Friday, May 1, 2015

Small Projects, Big Impact

The idea that small projects can have a big impact on commercial corridor revitalization is not new. The concept in real estate is well established ("Small Renovations, Big Payoff", NYT 4/24/15). It is pretty widely known that small upgrades like a new kitchen counter top and new cabinet fronts, offer a greater rate of return than a wholesale kitchen replacement. In fact, Remodeling magazine found that a minor kitchen remodel recoups 84% for the owner, but a major renovation with top of the line appliances recoups 69%.  

At the Local Initiative Support Corporation (LISC), the idea manifested itself in the Corridors of Retail Excellence Program (CORE), funded by PNC Bank. The program, a three year pilot, yielded tremendous success, from new businesses and development in communities as varied as Mount Washington in Pittsburgh and Fishtown in Philadelphia. In Philadelphia, LOA served as the lead consultant and worked closely with a local CDC to define an intervention that reflects community interest, existing resources and potential opportunities. Our effort took the form of a "Model Block" program, and involved the sprucing up of the 300 Block of East Girard. What started out as one isolated retail business became, after some creative placemaking efforts (including fresh coats of paint, new lighting and signage, and a great interactive fence) and consistent PR/communications effort, a node of three new retail businesses, two new restaurants and a new development on a vacant lot.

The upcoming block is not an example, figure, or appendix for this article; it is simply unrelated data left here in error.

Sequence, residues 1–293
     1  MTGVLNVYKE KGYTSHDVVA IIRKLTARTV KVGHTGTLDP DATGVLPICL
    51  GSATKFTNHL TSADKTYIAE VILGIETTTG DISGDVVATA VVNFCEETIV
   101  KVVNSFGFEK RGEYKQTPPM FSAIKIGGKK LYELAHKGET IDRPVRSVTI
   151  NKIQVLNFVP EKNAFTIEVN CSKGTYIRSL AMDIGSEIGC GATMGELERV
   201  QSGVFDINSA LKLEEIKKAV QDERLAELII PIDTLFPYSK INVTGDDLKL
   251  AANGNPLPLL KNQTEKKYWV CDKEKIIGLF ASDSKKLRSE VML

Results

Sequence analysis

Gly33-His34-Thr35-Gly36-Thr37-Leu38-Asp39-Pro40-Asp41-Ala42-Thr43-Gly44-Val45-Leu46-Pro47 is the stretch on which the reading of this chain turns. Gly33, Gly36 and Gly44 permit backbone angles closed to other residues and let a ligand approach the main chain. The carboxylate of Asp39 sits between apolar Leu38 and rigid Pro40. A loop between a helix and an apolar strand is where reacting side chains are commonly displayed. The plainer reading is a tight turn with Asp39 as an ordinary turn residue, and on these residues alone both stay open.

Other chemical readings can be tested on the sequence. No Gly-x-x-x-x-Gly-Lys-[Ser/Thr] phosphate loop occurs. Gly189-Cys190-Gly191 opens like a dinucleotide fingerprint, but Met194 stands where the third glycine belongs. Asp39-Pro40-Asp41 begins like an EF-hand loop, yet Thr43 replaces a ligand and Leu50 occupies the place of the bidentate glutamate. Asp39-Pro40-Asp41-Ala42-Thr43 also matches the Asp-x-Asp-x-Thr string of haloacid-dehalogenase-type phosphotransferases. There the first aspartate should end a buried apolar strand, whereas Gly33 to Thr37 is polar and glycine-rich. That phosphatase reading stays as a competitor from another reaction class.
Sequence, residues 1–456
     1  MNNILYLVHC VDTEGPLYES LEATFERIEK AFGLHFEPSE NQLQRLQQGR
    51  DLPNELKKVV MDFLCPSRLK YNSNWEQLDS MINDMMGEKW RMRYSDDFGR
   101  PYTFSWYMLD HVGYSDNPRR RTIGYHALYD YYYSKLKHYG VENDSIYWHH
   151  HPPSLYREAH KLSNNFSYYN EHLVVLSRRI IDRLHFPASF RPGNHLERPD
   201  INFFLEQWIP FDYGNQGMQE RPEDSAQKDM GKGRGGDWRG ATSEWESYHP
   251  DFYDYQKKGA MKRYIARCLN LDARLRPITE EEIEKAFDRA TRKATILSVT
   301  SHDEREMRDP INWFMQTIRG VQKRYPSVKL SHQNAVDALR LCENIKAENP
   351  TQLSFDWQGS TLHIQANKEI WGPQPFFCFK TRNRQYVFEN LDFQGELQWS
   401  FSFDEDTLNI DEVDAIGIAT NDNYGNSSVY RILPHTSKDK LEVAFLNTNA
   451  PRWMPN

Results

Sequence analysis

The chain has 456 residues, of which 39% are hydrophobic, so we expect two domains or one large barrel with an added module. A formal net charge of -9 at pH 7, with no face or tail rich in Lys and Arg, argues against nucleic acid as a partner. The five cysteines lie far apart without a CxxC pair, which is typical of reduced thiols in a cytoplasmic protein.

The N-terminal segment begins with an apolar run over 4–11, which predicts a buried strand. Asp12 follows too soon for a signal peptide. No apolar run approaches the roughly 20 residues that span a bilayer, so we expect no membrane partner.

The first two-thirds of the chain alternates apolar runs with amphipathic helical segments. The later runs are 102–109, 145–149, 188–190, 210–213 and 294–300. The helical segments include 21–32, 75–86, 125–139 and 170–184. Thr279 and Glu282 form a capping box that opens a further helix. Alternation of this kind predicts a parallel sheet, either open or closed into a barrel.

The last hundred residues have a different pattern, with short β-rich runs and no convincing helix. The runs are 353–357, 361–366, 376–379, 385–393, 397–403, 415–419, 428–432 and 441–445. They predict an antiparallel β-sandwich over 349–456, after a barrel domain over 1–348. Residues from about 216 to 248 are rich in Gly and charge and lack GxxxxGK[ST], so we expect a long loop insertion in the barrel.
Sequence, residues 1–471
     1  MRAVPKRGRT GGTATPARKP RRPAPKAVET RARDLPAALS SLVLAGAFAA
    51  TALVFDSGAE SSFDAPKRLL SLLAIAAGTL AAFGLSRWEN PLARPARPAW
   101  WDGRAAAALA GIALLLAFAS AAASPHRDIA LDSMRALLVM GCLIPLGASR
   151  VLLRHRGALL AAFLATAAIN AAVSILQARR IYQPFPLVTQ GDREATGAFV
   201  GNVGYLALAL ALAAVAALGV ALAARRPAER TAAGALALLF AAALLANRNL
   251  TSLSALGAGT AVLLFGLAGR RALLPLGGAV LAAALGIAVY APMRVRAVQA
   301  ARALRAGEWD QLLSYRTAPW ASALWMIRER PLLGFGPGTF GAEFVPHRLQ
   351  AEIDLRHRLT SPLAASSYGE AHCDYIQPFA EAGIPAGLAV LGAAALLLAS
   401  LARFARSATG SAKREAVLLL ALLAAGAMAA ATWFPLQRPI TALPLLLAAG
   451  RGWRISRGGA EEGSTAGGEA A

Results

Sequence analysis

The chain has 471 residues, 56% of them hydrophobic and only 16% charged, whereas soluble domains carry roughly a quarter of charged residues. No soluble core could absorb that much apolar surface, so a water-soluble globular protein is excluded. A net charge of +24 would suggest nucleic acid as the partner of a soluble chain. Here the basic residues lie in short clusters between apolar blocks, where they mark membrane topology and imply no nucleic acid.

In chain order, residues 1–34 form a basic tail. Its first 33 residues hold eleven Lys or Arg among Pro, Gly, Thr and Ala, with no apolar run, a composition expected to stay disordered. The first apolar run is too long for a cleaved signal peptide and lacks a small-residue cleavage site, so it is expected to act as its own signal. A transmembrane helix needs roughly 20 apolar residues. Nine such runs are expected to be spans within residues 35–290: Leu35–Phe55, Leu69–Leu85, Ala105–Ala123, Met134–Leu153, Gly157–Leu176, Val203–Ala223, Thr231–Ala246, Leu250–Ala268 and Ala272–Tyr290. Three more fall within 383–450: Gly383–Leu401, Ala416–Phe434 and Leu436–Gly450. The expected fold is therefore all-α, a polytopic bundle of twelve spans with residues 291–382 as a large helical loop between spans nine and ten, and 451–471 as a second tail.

300 Block of East Girard: would zoom
by without noticing the one occupied storefront. 
After, new signage, catchy colors, and
new storefronts create a vibrant node of business activity.

An "interactive fence" serves as temporary exhibit space for
businesses - and has even served as the backdrop for concerts!

But really, none of this is new. These incremental improvements are how cities evolve and improve. What I do find interesting are the organized and increasingly branded efforts to help people professionalize these kinds of things. LISC CORE was one program, but others include Tactical Urbanism by The Street Plans Collaborative and The Better Block project. 

So the next time you are thinking about improvements to your corridor, keep in mind that less is often more. 

1 comment:

  1. associated with uncertainty, however, and emphasize that their optimal site remained the first choice even after the updated data had been included in their analyses. Thus, the system appears to be robust, and may become even more so as future modifications are made to account for uncertainty more explicitly.